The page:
Jake and I were in the checkout line at the Goodwill with my trash-to-treasure find. The two dollar wood table was missing two support dowels and was technically still categorized as trash. But with Jake’s repair and my refinishing plans…..it would be treasure soon enough.
I was aglow in second-hand store contentment when I noticed a middle aged fellow by the door struggling to balance a 40 gallon fish tank on the small, wobbly Goodwill shopping cart. I noticed him……Jake noticed him……everyone noticed him. The bulky tank was teetering perilously on the tiny cart and our checkout line watched with foreboding.
“Go help him.” I turned to Jake.
Jake tilted his head toward me and widened his eyes……..and sent me a message. Jake, like many others in his group, is extremely good at speaking without uttering a word. Silently, he sarcastically said, “Really, Mom? You want me to walk up to a complete stranger? Really? Really?!” I received this message just as clearly as if Jake had shouted the words out loud. But Jake’s is not a psychic……..he is a teenager.
Using my actual voice, I responded. “Yes, really.” I gave him a nudge with my elbow. “He obviously needs help…….So go!”
Jake sighed and walked to the front of the store. But as he moved away from me and toward the stranger in distress, all signs of teenage reluctance or annoyance vanished. He approached the fish tank man with a smile.
The teenagers in my neighborhood church have a name for this type of interaction. They refer to this as being voluntold.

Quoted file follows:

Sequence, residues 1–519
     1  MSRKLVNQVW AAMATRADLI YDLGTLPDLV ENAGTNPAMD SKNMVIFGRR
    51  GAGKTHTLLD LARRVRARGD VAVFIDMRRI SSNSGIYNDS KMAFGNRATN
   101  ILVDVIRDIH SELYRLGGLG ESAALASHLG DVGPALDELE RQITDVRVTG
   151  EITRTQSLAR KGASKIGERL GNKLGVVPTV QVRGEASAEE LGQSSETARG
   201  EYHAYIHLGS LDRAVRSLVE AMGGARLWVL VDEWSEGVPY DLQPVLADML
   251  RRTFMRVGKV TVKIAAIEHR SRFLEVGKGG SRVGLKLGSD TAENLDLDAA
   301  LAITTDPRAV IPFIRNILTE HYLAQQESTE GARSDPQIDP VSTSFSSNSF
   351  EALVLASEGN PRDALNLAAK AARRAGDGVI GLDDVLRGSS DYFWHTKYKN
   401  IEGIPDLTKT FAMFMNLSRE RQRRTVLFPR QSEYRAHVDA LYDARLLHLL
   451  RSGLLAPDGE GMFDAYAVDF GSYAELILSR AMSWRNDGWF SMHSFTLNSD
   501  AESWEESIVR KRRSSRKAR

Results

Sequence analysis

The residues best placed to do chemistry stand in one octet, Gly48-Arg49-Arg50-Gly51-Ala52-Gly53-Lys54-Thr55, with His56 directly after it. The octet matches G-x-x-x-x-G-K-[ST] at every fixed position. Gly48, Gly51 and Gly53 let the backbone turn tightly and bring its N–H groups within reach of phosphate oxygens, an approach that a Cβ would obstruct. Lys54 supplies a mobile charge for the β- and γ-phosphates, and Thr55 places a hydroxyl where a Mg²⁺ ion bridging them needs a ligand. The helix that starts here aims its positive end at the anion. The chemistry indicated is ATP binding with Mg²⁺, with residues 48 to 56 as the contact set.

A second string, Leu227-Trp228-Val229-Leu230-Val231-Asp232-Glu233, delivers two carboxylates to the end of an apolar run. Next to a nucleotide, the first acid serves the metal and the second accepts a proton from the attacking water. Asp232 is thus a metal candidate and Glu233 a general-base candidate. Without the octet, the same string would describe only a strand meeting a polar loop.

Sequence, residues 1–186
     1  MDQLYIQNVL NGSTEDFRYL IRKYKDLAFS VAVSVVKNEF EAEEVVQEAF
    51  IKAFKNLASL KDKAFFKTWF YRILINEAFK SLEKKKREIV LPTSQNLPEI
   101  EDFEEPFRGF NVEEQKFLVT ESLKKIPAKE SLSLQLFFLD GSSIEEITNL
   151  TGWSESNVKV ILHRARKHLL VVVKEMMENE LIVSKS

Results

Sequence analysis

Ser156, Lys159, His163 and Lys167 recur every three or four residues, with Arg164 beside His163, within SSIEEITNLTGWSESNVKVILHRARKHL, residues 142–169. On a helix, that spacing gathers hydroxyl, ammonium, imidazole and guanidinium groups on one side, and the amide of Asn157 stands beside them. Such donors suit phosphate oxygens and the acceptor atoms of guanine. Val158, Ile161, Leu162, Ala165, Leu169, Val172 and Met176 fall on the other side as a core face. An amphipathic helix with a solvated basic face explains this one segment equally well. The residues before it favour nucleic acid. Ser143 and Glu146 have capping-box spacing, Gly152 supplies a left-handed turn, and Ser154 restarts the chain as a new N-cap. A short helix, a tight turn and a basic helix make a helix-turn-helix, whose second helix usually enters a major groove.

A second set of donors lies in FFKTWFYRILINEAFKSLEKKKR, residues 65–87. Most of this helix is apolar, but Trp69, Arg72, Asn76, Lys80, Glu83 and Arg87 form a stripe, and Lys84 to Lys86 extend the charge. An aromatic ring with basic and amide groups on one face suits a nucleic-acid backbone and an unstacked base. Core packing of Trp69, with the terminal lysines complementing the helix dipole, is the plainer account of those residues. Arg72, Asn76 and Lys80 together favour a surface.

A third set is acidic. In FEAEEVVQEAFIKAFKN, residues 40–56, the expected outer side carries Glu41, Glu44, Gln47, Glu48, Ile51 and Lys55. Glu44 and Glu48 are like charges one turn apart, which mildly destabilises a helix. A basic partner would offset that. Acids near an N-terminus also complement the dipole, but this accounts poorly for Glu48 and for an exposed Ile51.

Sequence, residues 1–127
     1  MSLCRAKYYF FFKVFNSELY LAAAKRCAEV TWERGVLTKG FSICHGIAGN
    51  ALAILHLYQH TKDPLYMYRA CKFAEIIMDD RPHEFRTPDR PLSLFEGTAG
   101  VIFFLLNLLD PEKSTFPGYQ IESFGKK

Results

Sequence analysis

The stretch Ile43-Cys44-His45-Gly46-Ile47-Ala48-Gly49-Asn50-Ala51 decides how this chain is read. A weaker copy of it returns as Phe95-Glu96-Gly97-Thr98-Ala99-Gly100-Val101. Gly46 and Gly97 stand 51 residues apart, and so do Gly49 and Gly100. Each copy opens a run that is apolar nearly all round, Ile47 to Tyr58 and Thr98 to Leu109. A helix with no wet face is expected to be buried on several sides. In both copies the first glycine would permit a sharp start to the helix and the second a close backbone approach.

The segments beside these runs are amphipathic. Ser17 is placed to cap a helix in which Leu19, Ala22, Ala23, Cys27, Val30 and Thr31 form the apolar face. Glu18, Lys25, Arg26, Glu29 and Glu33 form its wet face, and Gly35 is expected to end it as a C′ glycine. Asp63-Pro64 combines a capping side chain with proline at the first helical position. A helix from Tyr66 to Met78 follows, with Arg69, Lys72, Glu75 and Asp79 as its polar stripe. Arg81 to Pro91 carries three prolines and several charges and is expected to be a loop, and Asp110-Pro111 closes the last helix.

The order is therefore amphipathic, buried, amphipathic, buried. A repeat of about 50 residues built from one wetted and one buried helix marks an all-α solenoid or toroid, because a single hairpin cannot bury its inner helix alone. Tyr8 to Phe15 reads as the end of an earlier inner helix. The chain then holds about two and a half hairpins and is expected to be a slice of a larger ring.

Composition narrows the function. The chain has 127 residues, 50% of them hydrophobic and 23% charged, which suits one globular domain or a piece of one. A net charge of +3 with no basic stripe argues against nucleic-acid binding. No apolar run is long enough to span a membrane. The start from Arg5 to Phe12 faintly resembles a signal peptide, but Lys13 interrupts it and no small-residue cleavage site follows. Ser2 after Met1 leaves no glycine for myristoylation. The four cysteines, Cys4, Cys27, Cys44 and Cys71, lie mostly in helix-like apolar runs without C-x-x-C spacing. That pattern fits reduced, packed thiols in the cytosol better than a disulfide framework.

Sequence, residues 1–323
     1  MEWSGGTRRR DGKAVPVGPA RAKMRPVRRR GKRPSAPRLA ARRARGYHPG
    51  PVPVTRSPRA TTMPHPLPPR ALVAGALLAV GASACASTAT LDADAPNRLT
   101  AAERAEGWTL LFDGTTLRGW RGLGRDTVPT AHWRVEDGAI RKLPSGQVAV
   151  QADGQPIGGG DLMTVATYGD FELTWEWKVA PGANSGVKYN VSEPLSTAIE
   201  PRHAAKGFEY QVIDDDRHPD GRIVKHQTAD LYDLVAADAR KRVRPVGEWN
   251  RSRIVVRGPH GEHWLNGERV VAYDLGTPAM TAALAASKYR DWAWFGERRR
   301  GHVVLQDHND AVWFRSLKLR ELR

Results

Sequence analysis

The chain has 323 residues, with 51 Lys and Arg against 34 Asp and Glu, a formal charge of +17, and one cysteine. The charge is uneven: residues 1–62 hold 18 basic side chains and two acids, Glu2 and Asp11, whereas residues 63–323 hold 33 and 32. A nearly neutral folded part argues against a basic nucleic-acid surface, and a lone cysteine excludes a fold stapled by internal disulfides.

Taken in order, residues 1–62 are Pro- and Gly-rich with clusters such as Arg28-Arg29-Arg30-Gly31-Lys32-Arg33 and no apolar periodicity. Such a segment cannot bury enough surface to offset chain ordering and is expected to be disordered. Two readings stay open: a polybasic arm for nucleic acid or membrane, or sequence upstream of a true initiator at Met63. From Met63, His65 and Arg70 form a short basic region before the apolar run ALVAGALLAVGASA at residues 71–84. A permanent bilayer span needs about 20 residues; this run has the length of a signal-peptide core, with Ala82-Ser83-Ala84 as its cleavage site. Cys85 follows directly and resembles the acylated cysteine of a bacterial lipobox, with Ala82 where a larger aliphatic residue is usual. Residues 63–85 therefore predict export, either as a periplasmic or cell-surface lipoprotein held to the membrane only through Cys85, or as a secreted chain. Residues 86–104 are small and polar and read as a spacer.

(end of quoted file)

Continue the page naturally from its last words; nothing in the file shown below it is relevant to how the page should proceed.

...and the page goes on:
Now being voluntold is a bit different from volunteering, where you decide, on your own accord, to lend your hand. When you are voluntold, someone else (probably your mother) has decided for you. Being voluntold is a lot like mandated community service.
Yet Jake and the neighborhood teens are incredibly gracious and hardworking whenever they are voluntold. In the church, they carry heavy boxes, serve food or sweep floors. In the neighborhood, they take out trash and even shovel snow when asked…….always with a lighthearted and upbeat attitude. I don’t know if they would do any of these things if they were not voluntold. But I voluntell, and they cordially oblige.
Until today’s fish tank encounter, I had never given much consideration to the benefits of voluntellism. But the folks in my checkout line got me to thinking.
“What a fine young man,” one proclaimed, as we watched the fish tank project unfold. “What a great work-ethic he has!”
Another in line said, “What a good, kind boy. Such a rarity these days.”
“You must be so proud.”
The praise for Jake’s character went on and on. Then I reluctantly let them in on the voluntelling and my elbow poke. I waited for them to show their disappointment.
But the checkout line was unaffected.
“Of course you told him to do it,” one shopper chortled. “But the wonderful thing is that he did it……without protest.”
“He could have said no,” another chimed in. “Or he could have done it, but with so much complaining that you’d never ask again.”
They continued to spout approval, but they fell quiet as Jake came back into the store. And Jake rejoined the checkout line like nothing had transpired.
One of my new checkout friends whispered in my ear. “That is exactly how it starts!”
Maybe she is right. Maybe all that voluntelling on my part has made service to others a normal part of Jake’s life. He and the neighborhood kids have been voluntold aplenty…..does this mean that they are heading toward an adult life full of volunteerism and kindness?
We will have to wait and see.
“Hey Joe, grab me a glass of water, would ya?” I said to my husband, looking up from my computer.
Silently, without words……it seemed Joe had learned Jake’s art. “Really? You want me to drop what I am doing to fetch you a drink while you sit on you butt and surf the internet? Really?!”
Oh well….serves me right. Voluntellism is an honorable undertaking and should never be abused for personal gain.
Better get that water myself!
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